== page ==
Current Fungal Infection Reports

, Volume 8, Issue 4, pp 262–270 | Cite as

Epidemiology of Fungal Osteomyelitis

  • Maria N. Gamaletsou
  • Thomas J. Walsh
  • Nikolaos V. Sipsas
Epidemiological Aspects of Fungal Infection (T Chiller and J Baddley, Section Editors)

Abstract

Fungal osteomyelitis is a severe and debilitating disease, affecting both immunocompetent and immunocompromised patients. Recent comprehensive reviews showed that the burden of fungal osteoarticular infections is steadily increasing due to the growing number of patients at risk. Candida osteomyelitis frequently affects non-immunosuppressed pediatric and adult patients. C. albicans and C. tropicalis are the predominant recovered species. Vertebral osteomyelitis is most common in adults, whereas femoral and humeral bones are typically infected in pediatric patients. Aspergillus osteomyelitis may develop in both immunocompromised and immunocompetent patients; the vertebral bodies and ribs are most frequently involved. Dimorphic osteoarticular infections occur in endemic areas. Some dimorphic fungi affect immunocompetent patients, while others develop in immune-impaired patients. Osteoarticular mucormycosis and fusariosis also principally develop in immunocompromised patients. Scedosporium bone infections may emerge in immunocompetent hosts with mycetoma or in immunocompromised patients with hematogenous dissemination. Cryptococcal osteomyelitis occurs in patients with predominantly impaired cellular immunity.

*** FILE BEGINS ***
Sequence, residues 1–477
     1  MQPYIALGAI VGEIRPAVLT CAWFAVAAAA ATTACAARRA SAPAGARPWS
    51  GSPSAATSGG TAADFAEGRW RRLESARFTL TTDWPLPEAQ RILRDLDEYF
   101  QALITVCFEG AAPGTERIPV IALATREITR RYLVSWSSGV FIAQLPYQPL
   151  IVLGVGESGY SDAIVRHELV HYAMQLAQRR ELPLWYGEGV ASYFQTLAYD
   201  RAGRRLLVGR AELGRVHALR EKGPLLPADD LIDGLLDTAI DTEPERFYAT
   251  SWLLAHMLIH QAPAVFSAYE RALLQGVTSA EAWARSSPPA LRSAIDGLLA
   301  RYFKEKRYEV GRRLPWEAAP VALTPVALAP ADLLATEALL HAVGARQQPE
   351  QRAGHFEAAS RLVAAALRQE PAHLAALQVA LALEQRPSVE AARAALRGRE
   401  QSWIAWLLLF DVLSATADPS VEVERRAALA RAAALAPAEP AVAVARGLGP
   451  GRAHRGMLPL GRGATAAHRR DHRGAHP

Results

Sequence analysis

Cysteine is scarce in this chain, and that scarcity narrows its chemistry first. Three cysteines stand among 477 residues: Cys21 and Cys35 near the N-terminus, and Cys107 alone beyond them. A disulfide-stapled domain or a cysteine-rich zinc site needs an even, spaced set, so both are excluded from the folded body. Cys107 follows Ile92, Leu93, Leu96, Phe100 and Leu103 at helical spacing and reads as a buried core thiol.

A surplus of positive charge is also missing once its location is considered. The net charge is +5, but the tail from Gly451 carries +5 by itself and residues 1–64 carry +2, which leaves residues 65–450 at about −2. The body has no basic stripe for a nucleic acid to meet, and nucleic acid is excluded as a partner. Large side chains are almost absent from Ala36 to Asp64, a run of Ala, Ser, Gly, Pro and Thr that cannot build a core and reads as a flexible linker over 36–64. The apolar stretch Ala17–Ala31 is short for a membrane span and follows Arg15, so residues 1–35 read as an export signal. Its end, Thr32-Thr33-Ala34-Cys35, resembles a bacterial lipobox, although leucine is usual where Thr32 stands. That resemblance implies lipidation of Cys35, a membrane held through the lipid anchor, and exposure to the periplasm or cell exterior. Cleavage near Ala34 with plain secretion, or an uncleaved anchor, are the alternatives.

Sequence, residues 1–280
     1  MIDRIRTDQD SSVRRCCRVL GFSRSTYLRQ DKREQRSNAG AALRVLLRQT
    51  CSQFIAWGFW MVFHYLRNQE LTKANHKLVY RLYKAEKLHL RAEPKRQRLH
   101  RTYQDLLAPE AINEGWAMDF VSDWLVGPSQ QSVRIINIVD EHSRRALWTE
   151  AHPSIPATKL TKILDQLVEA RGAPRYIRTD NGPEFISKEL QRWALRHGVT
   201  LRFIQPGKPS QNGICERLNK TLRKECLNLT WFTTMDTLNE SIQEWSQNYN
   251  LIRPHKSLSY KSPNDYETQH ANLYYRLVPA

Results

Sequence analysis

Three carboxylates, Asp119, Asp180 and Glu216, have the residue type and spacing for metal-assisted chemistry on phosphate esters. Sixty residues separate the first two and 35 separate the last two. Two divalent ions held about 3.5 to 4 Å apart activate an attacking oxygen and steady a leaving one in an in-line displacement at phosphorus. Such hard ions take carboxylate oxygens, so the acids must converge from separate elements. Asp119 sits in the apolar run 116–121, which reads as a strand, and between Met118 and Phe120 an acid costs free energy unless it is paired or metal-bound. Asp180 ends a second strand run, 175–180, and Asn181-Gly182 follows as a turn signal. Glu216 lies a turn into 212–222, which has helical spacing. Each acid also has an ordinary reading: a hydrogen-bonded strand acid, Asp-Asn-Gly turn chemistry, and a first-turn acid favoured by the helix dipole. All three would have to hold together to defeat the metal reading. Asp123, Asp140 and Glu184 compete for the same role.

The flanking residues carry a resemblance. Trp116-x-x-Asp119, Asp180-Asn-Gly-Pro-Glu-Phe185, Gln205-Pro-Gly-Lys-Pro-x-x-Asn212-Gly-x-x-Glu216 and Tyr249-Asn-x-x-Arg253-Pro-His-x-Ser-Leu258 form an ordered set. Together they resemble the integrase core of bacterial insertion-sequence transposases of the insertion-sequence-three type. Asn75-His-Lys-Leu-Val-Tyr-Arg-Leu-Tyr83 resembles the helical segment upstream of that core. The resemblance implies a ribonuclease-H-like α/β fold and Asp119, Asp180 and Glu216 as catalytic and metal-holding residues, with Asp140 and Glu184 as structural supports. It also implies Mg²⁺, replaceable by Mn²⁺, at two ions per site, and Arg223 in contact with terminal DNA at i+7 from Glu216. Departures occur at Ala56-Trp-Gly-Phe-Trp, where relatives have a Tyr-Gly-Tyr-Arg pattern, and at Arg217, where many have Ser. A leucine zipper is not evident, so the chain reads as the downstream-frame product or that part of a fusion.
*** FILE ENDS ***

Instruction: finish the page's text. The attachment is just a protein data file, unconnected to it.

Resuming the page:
Keywords

Fungal osteomyelitis Epidemiology Risk factors Osteoarticular mycoses 

Notes

Compliance with Ethics Guidelines

Conflict of Interest

MN Gamaletsou, TJ Walsh, and NV Sipsas all declare no conflicts of interest.

Human and Animal Rights and Informed Consent

This article does not contain any studies with human or animal subjects performed by any of the authors.

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Copyright information

© Springer Science+Business Media New York 2014

Authors and Affiliations

  • Maria N. Gamaletsou
    • 1
    • 4
  • Thomas J. Walsh
    • 2
    • 3
    • 4
  • Nikolaos V. Sipsas
    • 1
    • 4
  1. 1.Pathophysiology Department, Medical SchoolNational and Kapodistrian University of AthensAthensGreece
  2. 2.Departments of Medicine, Pediatrics, and Microbiology-ImmunologyWeill Cornell Medical Center and Cornell University, New York Presbyterian HospitalNew York CityUSA
  3. 3.Hospital for Special SurgeryNew York CityUSA
  4. 4.International Osteoarticular Mycoses Study ConsortiumNew YorkUSA

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